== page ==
I thought that the birds, once they were hunting or had potential prey in their sights, would largely ignore me. It became obvious that they were staying away from my side of the meadow. Unfortunately there was no where for me to get under cover and my lens wouldn’t allow me to be further back, I was already pushing its capabilities to the limits.
So I carried on , firing away. I ended up with many similar shots but not many keepers. I learnt that I need a better equipment. This time it was a spur of the moment when the opportunity presented itself. After all, I didn’t know the farmer was going to mow the meadow, but I could have been better prepared. The following photos were all over the course of an hour.
But, at a minimum, a better lens would have helped me maximise my use of this opportunity. I should state here that I accept operator error as a huge contributor. I was having problems keeping the lens focussed as I got over excited at all the action, jumping from bird to bird. I switched from auto to manual focus to try and make life simpler, so I could have more time to frame the shot. I obviously need more practice in this enviroment.
A case in point is this photo. I did actually capture the moment when one of the kites caught a rodent …..
….. better preparation, better lens, would have made this a better photo. Bottom line though, this is down to the operator, me.
And, while I’m mentioning equipment, perhaps, some kind of camouflage clothing and / or a collapsible hide. After all, I had plenty of room in the car for this holiday. Mind you that would then require me to be a better planner.
Ask me who didn’t pack his tripod, monopod or even his gorillapod for this holiday.
After two nights in Troyes, the end of our holiday was looming on the horizon. But we still had two nights left. No dramatic sight seeing planned for this part of our holiday, we were going to visit family.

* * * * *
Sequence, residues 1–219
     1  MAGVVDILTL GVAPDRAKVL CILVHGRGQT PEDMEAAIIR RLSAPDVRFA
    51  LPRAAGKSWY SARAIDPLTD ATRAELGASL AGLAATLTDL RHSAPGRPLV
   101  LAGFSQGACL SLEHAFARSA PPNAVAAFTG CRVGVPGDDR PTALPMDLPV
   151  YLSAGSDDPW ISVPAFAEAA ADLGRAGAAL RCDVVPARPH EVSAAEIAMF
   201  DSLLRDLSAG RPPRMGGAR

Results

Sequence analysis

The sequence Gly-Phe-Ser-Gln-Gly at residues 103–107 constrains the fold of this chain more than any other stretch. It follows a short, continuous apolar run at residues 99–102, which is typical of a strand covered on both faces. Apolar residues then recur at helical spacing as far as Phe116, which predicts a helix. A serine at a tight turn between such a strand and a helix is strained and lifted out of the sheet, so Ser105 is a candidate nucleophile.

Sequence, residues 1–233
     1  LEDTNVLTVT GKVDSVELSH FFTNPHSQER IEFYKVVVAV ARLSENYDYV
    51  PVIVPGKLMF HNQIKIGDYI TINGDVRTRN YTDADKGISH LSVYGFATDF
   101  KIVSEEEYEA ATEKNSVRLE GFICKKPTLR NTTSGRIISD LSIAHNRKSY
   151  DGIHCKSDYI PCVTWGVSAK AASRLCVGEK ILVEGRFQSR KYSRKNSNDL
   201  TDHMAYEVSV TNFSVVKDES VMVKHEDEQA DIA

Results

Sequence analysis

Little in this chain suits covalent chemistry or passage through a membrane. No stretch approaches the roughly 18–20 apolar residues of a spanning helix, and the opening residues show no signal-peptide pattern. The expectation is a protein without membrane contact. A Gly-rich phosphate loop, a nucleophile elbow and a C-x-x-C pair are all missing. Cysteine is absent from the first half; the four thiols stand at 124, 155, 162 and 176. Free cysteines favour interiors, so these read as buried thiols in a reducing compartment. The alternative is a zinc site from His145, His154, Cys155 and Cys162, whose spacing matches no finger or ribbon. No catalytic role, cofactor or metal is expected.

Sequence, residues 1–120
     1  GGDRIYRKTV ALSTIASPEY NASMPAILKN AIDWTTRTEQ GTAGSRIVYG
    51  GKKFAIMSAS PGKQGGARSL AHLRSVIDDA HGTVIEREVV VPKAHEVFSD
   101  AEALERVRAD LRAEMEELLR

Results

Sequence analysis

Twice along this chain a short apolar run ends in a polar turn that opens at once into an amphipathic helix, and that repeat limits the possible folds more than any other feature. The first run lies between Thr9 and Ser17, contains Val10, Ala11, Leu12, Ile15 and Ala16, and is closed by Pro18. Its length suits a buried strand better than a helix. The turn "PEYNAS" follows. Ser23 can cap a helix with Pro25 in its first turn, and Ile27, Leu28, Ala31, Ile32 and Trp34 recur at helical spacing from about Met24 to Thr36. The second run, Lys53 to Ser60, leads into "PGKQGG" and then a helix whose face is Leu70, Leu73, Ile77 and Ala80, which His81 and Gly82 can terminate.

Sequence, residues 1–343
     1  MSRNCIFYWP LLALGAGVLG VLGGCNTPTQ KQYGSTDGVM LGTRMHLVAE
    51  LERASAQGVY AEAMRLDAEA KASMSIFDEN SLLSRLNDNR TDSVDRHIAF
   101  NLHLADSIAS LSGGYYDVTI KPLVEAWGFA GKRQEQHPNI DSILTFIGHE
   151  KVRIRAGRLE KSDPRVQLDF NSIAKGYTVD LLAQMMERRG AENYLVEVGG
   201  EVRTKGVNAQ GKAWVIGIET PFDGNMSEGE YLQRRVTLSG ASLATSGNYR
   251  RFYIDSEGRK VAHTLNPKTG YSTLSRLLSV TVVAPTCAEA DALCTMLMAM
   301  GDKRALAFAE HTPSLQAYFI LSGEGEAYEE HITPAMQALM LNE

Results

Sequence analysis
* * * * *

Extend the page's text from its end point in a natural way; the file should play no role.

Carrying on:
Gerry’s brother, Doug, has lived in France for many years and now lives near Arras. We hadn’t managed to get together for quite a few years. He works for the Commonwealth War Graves Commission. Our timing for this visit, probably could have been better. With many Somme 100 remembrance ceremonies taking place on the 1st July he was very busy at work.
As we headed north from Troyes the weather gradually deteriorated, becoming overcast and persistently dull. The traffic also grew in density as we left the agricultural heartland behind and got nearer to the channel ports and channel tunnel. The amount of traffic was also probably influenced by our proximity to Paris, the centre of the French spiders web road system. Still, we made better time than anticipated and, as a result, there was nobody home when we arrived. They had all headed to Lille to collect Lynn’s dad from the bus station. He had travelled down from Merseyside, by bus, leaving around midnight the night before. Now that is a trip I would not like to make. My days of long distance coach travel are long gone.
As an aside, nearly 30 years ago, Gerry and I did a coach based holiday picked out of our local paper. We travelled from Havant to Trento in Italy. The coach drivers took us on a torturous route through France, Belgium, Luxembourg, Germany and Switzerland. They seemed intent on avoiding all motorways and the journey took nearly 24 hours. I recall that, at the time, I had a theory that the drivers were pocketing the toll money hence no real motorway driving. Although the coach had seats that reclined they were not all that comfortable and, for someone who is over six feet tall, not much leg room. So I do have some experience of coach travel, and it’s not something I want to repeat.